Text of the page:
The Wildlife Garden in November

November started with quite windy and wet weather at times with successive storms coming through Shropshire from the west. However actual temperatures were quite mild even if the wind seemed to be freezing cold at times!  It was a very bird oriented month with redwings still visiting the hawthorn trees on my garden boundary but all the holly berries now gone. Most days there were at least two bullfinches in the orchard with a single male often very visible.  This week a house mouse was found in my office cupboard, having eaten a large portion of a cork!  It was caught the next evening in a live trap and released in the greenhouse, although I suspect it will soon find its way back into the house. A female sparrowhawk came though the garden daily and a male was also seen on the 4th which was a bright sunny day although there had been an overnight frost – the first of the season – which made the garden sparkle!  On the 5th twenty fieldfares were counted feeding in the orchard and the big hawthorns, plus a goldcrest was seen in the hedge at the front of the house – a bird that is rarely seen here.

The second week of November began with more very autumnal weather although temperatures were mild but there were plenty of wet and windy spells here in South Shropshire. There continued to be lots of my favourite finches feeding in the garden especially chaffinches and goldfinches in large numbers. A beautiful pair of bramblings showed up on the 8th and it was a pleasure to see and photograph them over the next few days.  Fieldfares and redwings continued to visit but in low sporadic numbers rather than the large flocks we often get in the orchard here, and the male bullfinch was frequently around in the orchard with them. On the 14th another favourite finch – a lesser redpoll – appeared on the feeders but only stayed with us for a short time.  No small mammals, including bank voles, appeared in the garden at all but we continued to catch several more house mice in the basement! The continuing appearance of these little mammals prompted us to release them a little further away but they seem to be finding their way back with ease!  Later in the week the local pair of kites began to display over the adjacent field and the bramblings re-appeared together with a couple of siskins, giving us a total of 7 finch species in the garden this week.  The week ended with wild and windy weather but continuing mild temperatures.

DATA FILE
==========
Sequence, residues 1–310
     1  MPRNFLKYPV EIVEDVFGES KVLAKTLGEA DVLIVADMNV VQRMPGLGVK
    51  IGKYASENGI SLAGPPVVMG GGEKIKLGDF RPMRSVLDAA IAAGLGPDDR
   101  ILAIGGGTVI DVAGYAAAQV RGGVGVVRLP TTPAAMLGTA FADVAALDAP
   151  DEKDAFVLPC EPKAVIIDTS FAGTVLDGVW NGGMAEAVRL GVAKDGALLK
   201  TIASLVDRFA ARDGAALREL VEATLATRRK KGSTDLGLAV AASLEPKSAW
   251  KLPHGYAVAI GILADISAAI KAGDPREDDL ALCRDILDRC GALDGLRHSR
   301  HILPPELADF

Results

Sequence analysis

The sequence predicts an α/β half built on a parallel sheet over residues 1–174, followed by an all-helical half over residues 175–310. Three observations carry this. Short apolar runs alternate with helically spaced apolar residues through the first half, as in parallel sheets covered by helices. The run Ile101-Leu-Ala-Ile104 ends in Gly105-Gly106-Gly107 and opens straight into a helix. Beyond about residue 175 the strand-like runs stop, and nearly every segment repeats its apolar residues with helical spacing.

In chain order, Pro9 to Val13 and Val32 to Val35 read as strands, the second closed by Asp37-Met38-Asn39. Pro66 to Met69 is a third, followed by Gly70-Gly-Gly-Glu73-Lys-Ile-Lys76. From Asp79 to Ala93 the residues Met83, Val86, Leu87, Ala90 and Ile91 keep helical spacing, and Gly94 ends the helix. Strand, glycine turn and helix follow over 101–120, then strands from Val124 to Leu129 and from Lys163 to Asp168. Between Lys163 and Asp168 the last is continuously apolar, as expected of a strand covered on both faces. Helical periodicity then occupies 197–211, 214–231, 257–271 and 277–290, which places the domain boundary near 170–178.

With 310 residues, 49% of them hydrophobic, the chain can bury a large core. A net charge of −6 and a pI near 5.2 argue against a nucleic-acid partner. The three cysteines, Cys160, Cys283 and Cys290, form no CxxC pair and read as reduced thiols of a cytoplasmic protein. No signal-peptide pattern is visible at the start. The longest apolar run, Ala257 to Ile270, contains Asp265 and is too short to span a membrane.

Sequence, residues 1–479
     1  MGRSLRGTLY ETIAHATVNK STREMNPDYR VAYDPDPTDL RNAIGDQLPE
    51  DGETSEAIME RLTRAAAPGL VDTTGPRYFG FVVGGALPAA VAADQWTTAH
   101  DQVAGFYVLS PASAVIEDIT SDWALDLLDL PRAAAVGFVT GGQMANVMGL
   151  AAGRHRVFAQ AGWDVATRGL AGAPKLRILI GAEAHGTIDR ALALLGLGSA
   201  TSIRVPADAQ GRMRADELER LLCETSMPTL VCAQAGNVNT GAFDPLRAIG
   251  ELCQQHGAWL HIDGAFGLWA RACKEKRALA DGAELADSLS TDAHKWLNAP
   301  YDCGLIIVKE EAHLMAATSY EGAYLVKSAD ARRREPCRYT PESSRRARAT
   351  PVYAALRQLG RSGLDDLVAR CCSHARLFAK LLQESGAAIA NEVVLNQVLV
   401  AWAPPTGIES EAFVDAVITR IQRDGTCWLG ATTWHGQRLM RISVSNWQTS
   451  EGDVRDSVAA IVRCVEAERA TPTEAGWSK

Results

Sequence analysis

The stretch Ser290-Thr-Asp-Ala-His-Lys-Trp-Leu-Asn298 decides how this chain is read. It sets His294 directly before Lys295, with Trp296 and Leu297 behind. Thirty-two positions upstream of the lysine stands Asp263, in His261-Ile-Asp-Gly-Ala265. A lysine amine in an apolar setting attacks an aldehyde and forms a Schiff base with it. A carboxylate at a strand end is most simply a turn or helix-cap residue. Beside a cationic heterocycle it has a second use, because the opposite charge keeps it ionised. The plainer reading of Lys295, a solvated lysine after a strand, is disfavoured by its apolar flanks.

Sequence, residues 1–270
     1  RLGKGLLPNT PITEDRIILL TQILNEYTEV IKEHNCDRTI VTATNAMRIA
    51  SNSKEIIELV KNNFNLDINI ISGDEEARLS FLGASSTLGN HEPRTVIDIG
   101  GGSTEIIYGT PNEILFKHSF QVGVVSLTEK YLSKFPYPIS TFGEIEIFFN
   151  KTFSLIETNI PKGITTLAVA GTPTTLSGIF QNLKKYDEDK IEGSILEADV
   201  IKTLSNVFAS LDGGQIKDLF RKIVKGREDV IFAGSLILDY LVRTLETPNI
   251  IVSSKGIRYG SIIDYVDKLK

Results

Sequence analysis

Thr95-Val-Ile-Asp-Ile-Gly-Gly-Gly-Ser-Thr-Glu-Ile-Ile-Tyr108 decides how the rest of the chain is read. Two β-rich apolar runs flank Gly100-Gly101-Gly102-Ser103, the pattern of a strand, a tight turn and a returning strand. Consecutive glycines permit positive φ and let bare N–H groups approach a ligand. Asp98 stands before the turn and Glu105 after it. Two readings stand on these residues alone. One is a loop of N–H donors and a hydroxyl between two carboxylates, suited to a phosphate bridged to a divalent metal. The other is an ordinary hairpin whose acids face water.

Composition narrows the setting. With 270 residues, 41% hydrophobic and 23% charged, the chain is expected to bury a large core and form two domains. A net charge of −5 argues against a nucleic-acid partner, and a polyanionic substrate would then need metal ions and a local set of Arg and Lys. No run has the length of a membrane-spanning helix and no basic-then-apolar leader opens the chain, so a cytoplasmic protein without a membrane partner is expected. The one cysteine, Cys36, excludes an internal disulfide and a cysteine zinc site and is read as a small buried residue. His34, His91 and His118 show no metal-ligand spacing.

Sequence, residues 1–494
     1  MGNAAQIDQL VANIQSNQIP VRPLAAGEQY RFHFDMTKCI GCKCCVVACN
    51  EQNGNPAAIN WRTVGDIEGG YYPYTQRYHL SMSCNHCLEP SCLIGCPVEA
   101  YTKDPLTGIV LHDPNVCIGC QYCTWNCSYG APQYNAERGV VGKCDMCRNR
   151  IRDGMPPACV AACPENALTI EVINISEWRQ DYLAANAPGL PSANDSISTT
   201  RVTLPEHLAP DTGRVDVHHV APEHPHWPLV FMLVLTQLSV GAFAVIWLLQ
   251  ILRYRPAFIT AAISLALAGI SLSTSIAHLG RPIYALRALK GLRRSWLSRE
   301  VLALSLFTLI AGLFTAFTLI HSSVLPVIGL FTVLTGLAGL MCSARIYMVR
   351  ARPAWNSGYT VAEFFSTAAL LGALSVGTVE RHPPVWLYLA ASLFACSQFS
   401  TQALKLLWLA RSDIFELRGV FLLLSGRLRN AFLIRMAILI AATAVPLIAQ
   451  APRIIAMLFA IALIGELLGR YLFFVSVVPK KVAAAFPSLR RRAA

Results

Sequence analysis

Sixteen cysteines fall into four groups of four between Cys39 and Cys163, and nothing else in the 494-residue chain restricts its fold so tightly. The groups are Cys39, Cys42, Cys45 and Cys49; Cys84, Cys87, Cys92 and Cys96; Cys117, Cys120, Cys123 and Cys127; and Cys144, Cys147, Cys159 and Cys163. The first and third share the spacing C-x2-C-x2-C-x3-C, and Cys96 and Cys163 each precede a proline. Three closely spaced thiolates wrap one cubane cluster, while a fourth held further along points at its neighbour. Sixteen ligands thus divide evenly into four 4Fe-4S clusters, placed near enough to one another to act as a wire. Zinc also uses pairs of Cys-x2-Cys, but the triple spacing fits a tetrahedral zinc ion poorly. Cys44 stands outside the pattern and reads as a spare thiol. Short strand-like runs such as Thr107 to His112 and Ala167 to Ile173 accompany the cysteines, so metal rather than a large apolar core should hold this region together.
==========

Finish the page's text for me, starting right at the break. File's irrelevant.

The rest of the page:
The very wet and windy continued and there were stormy conditions all around the country. There was no sign of the bramblings on the 15th but lots of other finches continued to feed in the garden plus tits of all the usual species including marsh. Only a handful of winter thrushes now remained in the garden, the numbers being very well below what we normally see here.  At least three rabbits were still here, two of them being quite large, but no other mammals were seen at all except the house mice in the basement. The lack of foxes visiting the garden has been very noticeable over the last few months and none have been seen in the neighbouring fields for some time. The bramblings returned on the 16th and goldfinch and chaffinch numbers were very high but no greenfinches were seen this week which is quite unusual here. The single male bullfinch continued to find food in the orchard while fieldfare numbers dipped with only one individual in the garden this week. On the 18th the weather became very wet and windy but temperatures were still mild.  The 19th brought lots of smaller birds to the feeders but a very cold wind kept me inside! Redwing and fieldfare numbers dropped again but there were lots of smaller birds, especially tits and finches feeding on and under the bird feeders.

The last week of the month continued with changeable weather but at times was mild and dry with a little sunshine!  A large flock of goldfinches fed daily in the garden with a couple of female siskins at last. Several greenfinches enjoyed the sunshine at the end of the month but there was no sign of the large numbers of siskins we have had in previous years. Several pheasants took up residence in the garden, the males displaying and squabbling, and the female sparrowhawk came through the garden almost daily.  The month ended with more mild weather and even a little sunshine at times, with the garden full of birds every day but almost devoid of mammals. However there were tawny owls hooting at night, the garden was aglow with autumn colours and the winter flowering Viburnum outside my office scented the air.


About Dinchope Diary

I am a plant ecologist, specialising in wildlife gardening for more than 30 years, writing books and teaching. My blog is about the two acre wildlife garden I have created in South Shropshire.
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